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Libya, apologies are proof that Obama’s foreign policy is a train wreck

Written by  // Tuesday, 18 September 2012 18:40 //


trainAmericans recently witnessed a horrible event as an American ambassador and three members of his staff were cruelly murdered in the streets of Libya. In addition, violent riots erupted in nearly two dozen other Muslim nations supposedly in reaction to an amateur film which they considered inflammatory.

The American response to this is confusing. There was no clear and firm immediate denunciation of the actions. Worse, the original response was an awkward statement of apology from the Cairo embassy early on, later confirmed by the Secretary of State. Finally, the President offered a tepid response following which OUR government apprehended and questioned the film maker. Intimidation?

 

 

Several points must be stated clearly:

First, Freedom of Speech and expression are protected in the United States by the Bill of Rights. There are no exceptions. For the American State Department to even consider apologizing for a film not generated by the government, but by a private citizen, is outrageous. In America our constitution allows one to be stupid. That is the price of democracy. Maintaining the dignity of our freedoms is more important than concerns over the extended sensibilities of foreign nationals. We should never apologize for our fundamental freedoms guaranteed by the Bill of Rights.

Second, this film came out two months ago. The Muslim reaction was NOT spontaneous, but planned to occur on 9/11. That is obvious to everyone, except perhaps some members of this administration who persist in dreaming otherwise.

Third, the failure to properly secure our staff in a nation as torn by violence as Libya is unforgivable. Other attacks have occurred in that nation over the past months so it should have been obvious that our personnel were at risk. There were warnings days before. Why was more not done to secure our people? That demands an unbiased review.

Fourth, this would not have happened had this administration not taken it upon itself to undermine our allies in the region and to illegally attack Libya and overthrow the government there. Omar Gaddafi was indeed a brutal dictator. But he was not troubling us. What made it our concern to overthrow his government in violation of the American Constitution and the War Powers Act and create the chaos the reigns there? There are dictators all over the world, is it America’s business to export democracy through force of arms?

Fifth, it was obvious to everyone that Gaddafi possessed vast stockpiles of sophisticated weapons that have “disappeared”. Over 8,000 shoulder launched missiles are presently missing and no doubt finding their way into the arsenals of militants. Vast stores of other weapons are also on the loose. Securing these weapons should have been a primary concern prior to attacking Libya. Who failed here? Did they not believe these arsenals would be pillaged?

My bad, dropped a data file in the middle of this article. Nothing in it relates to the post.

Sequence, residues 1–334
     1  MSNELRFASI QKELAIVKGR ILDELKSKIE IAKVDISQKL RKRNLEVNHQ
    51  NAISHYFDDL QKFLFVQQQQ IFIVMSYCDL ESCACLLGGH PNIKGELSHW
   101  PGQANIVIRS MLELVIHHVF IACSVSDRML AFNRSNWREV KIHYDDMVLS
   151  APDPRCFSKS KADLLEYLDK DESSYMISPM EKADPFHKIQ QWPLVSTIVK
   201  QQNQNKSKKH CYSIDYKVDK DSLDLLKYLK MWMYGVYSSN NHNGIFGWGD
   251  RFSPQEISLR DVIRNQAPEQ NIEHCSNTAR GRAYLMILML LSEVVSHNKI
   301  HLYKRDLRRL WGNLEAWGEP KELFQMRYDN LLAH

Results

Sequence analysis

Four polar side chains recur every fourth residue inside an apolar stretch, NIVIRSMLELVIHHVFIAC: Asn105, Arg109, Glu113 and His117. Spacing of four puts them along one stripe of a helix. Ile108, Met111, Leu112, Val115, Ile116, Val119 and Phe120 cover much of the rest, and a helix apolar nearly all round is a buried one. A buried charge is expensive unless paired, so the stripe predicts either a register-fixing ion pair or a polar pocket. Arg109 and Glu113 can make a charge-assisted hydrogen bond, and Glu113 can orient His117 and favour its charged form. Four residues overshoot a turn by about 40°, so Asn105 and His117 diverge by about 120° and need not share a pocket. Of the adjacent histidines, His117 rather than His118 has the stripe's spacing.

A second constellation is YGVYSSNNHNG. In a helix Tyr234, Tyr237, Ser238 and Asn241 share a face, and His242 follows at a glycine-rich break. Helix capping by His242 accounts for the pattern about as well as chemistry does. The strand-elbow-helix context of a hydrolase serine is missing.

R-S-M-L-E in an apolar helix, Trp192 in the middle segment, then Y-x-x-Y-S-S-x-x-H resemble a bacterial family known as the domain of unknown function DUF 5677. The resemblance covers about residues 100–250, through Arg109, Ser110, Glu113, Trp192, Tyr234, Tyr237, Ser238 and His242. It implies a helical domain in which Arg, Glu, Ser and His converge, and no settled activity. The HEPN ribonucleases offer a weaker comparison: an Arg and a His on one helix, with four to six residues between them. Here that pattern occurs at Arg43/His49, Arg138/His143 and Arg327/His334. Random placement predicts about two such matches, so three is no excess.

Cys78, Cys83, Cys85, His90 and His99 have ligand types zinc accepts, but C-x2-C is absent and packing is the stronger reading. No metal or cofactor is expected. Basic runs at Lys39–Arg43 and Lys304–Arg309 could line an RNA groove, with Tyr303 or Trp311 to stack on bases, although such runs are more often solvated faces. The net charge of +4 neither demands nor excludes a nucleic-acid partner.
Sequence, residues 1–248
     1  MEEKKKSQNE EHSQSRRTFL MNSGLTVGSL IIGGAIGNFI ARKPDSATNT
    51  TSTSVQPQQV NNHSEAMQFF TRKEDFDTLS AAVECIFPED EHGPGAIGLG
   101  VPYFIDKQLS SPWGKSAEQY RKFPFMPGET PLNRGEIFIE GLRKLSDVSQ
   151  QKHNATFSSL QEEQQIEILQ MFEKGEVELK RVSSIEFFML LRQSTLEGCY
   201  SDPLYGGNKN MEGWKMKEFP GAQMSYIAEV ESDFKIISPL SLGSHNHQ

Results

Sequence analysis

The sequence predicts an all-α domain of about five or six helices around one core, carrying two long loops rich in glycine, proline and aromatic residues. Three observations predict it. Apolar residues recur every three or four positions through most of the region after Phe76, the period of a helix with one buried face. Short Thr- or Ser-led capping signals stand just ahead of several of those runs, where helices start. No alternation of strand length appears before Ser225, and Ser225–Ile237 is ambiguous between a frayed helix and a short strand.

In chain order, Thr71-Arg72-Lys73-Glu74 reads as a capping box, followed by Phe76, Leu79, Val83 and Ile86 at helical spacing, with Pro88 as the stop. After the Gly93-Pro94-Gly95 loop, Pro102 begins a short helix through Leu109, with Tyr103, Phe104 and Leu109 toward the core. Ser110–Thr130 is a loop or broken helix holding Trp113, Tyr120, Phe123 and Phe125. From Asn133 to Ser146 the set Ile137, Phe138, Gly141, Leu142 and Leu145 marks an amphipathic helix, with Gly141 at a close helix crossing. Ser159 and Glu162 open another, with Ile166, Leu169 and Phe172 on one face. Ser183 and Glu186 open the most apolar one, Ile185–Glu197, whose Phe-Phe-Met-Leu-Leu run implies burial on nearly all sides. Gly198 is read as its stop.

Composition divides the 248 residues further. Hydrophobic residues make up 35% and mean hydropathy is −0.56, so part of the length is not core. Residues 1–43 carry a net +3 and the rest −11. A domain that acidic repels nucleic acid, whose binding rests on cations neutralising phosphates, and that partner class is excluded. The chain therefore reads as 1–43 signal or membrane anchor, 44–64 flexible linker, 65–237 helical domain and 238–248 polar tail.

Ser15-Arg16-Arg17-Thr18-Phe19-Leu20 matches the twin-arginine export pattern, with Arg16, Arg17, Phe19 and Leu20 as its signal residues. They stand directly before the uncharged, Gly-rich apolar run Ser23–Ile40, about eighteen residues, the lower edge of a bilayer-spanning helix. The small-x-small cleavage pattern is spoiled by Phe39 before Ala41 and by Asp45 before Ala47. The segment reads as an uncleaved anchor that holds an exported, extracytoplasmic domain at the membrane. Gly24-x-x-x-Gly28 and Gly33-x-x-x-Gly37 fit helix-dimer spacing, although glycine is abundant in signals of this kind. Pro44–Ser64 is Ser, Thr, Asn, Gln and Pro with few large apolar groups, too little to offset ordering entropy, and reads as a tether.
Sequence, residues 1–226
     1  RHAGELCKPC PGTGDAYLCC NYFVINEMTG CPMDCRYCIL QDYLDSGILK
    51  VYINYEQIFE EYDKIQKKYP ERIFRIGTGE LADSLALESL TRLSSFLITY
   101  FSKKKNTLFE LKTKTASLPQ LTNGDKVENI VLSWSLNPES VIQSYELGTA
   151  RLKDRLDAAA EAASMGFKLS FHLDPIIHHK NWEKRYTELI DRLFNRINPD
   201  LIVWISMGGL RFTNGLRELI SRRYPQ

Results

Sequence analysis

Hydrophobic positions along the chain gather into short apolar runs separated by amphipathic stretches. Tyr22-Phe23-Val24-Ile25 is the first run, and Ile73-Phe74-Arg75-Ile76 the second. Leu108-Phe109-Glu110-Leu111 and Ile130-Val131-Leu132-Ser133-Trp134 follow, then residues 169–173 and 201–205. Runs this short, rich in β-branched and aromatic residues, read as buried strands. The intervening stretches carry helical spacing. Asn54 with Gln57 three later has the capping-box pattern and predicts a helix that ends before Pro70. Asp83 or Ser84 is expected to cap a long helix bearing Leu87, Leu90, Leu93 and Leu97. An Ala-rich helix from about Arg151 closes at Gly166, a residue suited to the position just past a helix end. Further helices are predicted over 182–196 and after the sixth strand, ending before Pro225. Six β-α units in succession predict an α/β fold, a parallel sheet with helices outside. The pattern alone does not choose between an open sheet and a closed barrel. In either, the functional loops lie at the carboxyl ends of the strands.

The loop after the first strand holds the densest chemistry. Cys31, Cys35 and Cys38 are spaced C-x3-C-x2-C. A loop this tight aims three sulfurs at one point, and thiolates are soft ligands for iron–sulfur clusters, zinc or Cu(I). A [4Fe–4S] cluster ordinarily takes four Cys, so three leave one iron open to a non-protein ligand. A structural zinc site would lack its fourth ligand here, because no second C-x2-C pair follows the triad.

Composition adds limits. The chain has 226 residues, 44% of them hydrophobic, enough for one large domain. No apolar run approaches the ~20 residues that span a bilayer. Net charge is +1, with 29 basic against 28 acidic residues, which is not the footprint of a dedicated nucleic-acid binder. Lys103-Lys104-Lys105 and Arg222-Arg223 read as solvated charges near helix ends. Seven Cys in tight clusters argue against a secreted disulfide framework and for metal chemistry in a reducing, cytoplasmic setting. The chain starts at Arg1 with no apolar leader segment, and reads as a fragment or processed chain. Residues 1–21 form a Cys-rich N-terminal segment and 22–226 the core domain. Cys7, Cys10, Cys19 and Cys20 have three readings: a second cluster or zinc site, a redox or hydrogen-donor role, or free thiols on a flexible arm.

Sixth, and probably more important… of the nations presently protesting America’s democratic freedoms, how many are capable of feeding themselves? How vital are they to REAL American interests? More to the point, how important are we to them? Perhaps we should take the extreme measure of cutting off all foreign aid to the more violent of these nations and let nature run its course. Perhaps then they might cease biting the hand that literally feeds them.

The bottom line is that the United States has to stand tall for its principles. There also has to be consequences for actions taken against us. Notice that none of these nations dared to attack a Russian or Chinese embassy. Why do you think that is the case? Perhaps they fear the consequences. Or, likely those nations are not forcibly exporting their cultures.

President Obama’s foreign policy is a train wreck. Problems are growing around the globe and there is no clarity in where American stands. This confusion serves to make matters worse. Miscalculations can turn a crisis into a war.

These modern Democratic “Progressives” have forgotten the movement’s roots. Theodore Roosevelt was the founder of the Progressive Movement; his foreign policy dictum was “Speak softly, and carry a big stick.” Today we speak in tongues and fear that other nations might not like us. The results are obvious.

America must have a clear and concise foreign policy based upon the realities of the world about us. These policies must reflect our fundamental principles and interests, not some hypothetical philosophical constructs based upon the desire for others to like us.

My mother once told me: “I want you to love me, but you will respect me!” That sounds like a worthy basis for a foreign policy.

by Ron Chapman

 

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